From the AMA: An Update on Recent Actions by the Administration With Respect to the Affordable Care Act (ACA)

October 13, 2017

Cost Sharing Reduction Payments

President Trump announced late last night that the Administration would no longer make the cost sharing reduction (CSR) payments to insurers offering plans in the ACA marketplace. Repeated Administration threats to stop these payments and delays in Congressional efforts to specifically authorize and fund the CSRs prompted many insurers to increase their 2018 marketplace premiums to offset the potential loss of these funds, so the number of plans that will be prompted to withdraw from the ACA marketplace is not yet known. Lawsuits against the federal government in response to this action are also anticipated.

Under the ACA, health insurers must reduce cost sharing requirements (i.e., deductibles and copayments) for low-income enrollees, and the federal government has a contractual obligation to the plans to defray the cost of these CSRs. A court has ruled in a lawsuit (U.S. House of Representatives v. Kathleen Sebelius) that the CSR payments in their current form are unconstitutional since Congress has not gone through the process of appropriating funds for them. However, the case is pending on appeal (filed by the Obama Administration), and the courts have allowed the payments to continue on a provisional basis while Congress has been actively engaged in legislative efforts to amend the ACA, in order to avoid disruptions to the insurance market.

Bipartisan efforts have been underway in the Senate Health, Education, Labor and Pensions Committee to fund the CSRs, but action was stalled during the Graham-Cassidy repeal debate. While those efforts have been renewed, progress has been slow due to partisan disagreements on provisions to include in the legislation that are unrelated to the CSRs.

Attached is a statement the AMA issued this morning, calling for Congress to accelerate its efforts to fund these payments.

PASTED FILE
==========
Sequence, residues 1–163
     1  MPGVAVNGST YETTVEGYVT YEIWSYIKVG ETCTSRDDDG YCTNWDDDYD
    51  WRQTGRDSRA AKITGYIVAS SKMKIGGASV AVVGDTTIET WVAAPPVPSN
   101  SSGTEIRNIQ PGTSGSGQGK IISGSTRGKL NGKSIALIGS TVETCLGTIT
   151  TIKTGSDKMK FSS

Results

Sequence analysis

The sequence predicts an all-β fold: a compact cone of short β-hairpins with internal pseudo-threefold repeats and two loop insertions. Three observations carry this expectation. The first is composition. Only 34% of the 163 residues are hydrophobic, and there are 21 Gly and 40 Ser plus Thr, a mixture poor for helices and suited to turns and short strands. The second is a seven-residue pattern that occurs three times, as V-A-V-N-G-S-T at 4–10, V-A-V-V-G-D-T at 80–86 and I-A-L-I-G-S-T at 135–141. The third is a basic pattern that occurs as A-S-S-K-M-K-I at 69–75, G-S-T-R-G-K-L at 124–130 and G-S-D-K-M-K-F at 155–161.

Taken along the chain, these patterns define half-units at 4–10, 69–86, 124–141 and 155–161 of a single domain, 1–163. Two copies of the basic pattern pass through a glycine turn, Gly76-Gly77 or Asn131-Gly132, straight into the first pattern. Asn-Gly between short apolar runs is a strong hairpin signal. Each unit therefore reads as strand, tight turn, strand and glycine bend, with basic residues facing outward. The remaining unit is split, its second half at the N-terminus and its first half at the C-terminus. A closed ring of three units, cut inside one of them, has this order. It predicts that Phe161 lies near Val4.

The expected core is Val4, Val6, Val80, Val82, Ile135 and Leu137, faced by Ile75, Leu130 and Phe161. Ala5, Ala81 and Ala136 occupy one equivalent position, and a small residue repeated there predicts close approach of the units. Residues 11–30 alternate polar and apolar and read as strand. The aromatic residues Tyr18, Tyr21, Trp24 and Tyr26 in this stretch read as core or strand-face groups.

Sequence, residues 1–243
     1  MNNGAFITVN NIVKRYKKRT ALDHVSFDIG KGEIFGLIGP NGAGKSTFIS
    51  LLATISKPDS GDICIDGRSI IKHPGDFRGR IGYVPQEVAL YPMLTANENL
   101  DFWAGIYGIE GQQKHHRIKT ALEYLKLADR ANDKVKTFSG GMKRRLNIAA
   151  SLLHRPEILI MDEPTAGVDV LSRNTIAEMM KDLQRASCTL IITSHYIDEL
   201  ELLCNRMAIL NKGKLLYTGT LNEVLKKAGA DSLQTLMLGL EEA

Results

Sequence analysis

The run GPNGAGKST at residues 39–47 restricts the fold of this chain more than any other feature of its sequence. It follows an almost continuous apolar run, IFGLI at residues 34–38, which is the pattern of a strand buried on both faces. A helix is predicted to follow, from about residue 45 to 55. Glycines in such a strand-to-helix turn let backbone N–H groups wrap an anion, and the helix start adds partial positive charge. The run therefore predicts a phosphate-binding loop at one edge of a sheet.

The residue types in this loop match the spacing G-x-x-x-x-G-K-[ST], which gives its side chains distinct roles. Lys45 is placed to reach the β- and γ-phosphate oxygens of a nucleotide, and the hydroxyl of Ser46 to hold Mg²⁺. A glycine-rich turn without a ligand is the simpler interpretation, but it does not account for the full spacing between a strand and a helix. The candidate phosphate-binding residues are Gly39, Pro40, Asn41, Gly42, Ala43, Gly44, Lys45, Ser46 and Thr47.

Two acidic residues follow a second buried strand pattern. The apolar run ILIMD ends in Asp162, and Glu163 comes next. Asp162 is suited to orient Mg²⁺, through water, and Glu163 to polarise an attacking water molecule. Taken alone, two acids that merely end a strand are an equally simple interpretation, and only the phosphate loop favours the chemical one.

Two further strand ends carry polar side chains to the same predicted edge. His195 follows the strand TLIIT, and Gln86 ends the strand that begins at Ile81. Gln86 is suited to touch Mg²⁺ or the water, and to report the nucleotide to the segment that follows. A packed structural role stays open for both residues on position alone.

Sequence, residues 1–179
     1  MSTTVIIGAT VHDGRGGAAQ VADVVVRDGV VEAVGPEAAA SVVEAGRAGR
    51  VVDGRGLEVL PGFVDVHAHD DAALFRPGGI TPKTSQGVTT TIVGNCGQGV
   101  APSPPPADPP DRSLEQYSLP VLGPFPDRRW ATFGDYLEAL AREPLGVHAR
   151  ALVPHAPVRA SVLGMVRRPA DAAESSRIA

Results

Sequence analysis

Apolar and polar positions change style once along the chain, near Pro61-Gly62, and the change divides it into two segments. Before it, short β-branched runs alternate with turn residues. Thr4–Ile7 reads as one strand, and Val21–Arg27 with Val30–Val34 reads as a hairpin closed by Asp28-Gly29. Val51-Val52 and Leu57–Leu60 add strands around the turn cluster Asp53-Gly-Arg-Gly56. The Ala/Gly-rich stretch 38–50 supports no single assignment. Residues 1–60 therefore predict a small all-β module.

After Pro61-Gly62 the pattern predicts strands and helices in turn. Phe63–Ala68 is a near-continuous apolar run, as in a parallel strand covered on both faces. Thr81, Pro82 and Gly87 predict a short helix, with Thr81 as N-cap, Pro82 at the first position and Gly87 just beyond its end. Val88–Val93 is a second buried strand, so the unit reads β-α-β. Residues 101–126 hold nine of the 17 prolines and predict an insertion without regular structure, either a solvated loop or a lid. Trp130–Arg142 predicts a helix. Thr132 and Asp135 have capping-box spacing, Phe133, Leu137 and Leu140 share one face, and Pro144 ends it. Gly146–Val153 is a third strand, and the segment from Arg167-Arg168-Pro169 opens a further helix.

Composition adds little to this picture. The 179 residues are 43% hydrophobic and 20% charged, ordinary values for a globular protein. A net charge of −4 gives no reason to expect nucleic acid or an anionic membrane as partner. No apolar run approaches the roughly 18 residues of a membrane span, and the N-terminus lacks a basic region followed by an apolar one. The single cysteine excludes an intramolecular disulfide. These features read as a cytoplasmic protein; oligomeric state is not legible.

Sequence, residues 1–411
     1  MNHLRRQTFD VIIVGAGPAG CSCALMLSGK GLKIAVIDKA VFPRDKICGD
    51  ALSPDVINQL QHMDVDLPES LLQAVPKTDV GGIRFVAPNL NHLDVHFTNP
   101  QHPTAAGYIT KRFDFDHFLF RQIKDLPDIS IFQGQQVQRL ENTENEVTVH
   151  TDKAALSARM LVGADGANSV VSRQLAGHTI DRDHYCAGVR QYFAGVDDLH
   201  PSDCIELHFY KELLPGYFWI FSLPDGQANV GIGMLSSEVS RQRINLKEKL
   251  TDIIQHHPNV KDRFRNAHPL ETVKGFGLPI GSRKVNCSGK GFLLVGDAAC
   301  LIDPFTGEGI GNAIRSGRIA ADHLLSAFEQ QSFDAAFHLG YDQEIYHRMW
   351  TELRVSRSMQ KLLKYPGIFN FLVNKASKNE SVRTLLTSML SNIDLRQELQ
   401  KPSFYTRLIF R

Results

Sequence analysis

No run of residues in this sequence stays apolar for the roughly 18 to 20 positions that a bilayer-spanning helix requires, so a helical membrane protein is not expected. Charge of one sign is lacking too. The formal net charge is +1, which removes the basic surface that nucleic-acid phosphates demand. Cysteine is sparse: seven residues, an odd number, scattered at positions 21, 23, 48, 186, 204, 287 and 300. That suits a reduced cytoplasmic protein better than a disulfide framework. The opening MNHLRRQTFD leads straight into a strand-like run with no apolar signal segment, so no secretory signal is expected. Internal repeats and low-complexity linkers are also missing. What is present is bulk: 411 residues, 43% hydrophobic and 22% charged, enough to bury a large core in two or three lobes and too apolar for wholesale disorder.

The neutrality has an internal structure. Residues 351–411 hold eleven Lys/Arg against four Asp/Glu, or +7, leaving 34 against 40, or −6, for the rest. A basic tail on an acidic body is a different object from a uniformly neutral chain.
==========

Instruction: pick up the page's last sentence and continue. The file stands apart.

Executive Order on Association Health Plans

On Wednesday, the President signed an Executive Order that directs three Departments to take the following actions:

  • Directs the Department of Labor to consider expanding access to Association Health Plans (AHPs) to allow employers to join with similar companies anywhere in the nation to offer group healthcare coverage to their employees. 
  • Asks the Departments of Treasury, Labor, and Health and Human Services to consider proposing regulations that would expand access to short-term limited duration insurance plans. (These tend to be minimal benefit plans that do not meet ACA standards but may be purchased by individuals, like those between jobs, who seek short-term protection.)
  • Directs the Departments of Treasury, Labor, and Health and Human Services to consider allowing funds in employer-sponsored Health Reimbursement Arrangement accounts to support consumer-driven health care plans.

Until regulations are drafted and issues, we can only speculate on the potential benefits and shortcomings of these proposals. In particular, the potential for self-funded AHPs to evade state regulations through ERISA is of serious concern. A summary of the Executive Order with references to relevant AMA policy is attached.  When the proposed regulations are issued in compliance with the Executive Order on Association Health Plans, we will review them and submit comments.

Terri Marchiori
Director, Federation Relations
American Medical Association
 

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